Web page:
Ray, Leonard. (1997) "Chickens and eggs: Untangling the party electorate". In: UNSPECIFIED, Seattle, WA. (Unpublished)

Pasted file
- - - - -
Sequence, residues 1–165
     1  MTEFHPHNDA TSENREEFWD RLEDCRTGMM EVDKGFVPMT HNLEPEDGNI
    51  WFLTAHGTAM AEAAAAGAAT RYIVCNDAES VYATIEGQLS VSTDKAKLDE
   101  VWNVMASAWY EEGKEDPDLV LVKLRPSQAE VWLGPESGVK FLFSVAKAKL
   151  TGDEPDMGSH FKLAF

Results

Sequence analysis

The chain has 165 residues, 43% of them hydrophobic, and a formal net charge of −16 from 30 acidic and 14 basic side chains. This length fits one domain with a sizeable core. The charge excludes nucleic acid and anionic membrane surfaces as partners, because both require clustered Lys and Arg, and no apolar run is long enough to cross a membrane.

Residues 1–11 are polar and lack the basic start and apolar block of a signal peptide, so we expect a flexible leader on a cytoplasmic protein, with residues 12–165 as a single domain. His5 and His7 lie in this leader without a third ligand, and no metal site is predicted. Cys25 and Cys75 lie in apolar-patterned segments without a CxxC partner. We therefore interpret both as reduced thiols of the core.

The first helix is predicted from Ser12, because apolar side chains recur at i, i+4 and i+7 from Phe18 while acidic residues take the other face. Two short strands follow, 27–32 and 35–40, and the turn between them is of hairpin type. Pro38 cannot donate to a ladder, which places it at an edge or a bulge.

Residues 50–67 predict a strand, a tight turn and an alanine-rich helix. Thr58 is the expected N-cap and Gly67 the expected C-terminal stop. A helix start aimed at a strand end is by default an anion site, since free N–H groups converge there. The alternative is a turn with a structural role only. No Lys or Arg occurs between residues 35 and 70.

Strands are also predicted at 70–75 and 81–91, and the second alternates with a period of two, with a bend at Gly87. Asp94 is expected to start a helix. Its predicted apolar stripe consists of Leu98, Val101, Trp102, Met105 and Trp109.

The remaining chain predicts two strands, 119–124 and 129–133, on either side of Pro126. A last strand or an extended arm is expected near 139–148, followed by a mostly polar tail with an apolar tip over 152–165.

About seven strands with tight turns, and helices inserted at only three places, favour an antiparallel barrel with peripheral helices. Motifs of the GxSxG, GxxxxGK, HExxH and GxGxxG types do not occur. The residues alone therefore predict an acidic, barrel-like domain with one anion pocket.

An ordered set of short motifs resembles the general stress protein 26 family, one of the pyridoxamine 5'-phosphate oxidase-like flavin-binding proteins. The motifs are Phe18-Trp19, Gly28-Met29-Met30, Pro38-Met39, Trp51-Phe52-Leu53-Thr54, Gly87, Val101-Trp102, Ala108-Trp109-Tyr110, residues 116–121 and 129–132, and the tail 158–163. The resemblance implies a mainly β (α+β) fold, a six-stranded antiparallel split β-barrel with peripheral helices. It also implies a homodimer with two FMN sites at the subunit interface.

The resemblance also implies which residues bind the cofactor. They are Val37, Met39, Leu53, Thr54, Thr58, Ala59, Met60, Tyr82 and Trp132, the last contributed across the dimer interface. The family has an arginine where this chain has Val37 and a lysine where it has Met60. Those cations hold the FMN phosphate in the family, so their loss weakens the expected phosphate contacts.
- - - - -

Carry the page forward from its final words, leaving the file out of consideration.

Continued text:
The question of European integration is increasingly the object of political debate in the member states of the European Union. The stance taken by a political party on this issue has been shown to be similar to the position taken by the electorate of that party. However, the causal mechanism underlying this link has not been identified. The literature on European integration suggests two contradictory explanations for this link. Bottom up theories of integration suggest that shifts in mass support for integration drive the positions taken by political elites. Neo-functional theories suggest that integration is an elite driven process, and that mass publics mirror the positions taken by political elites. This paper uses a new data set on political party positions on European integration to determine the direction of the causal link between electorate opinion and party position. The results suggest that parties can influence the aggregate opinion of their electorates by taking salient positions on the issue of European integration. However, if this relationship is due to realignment of voters, then parties may not be able to exercise substantial influence on overall aggregate opinion.
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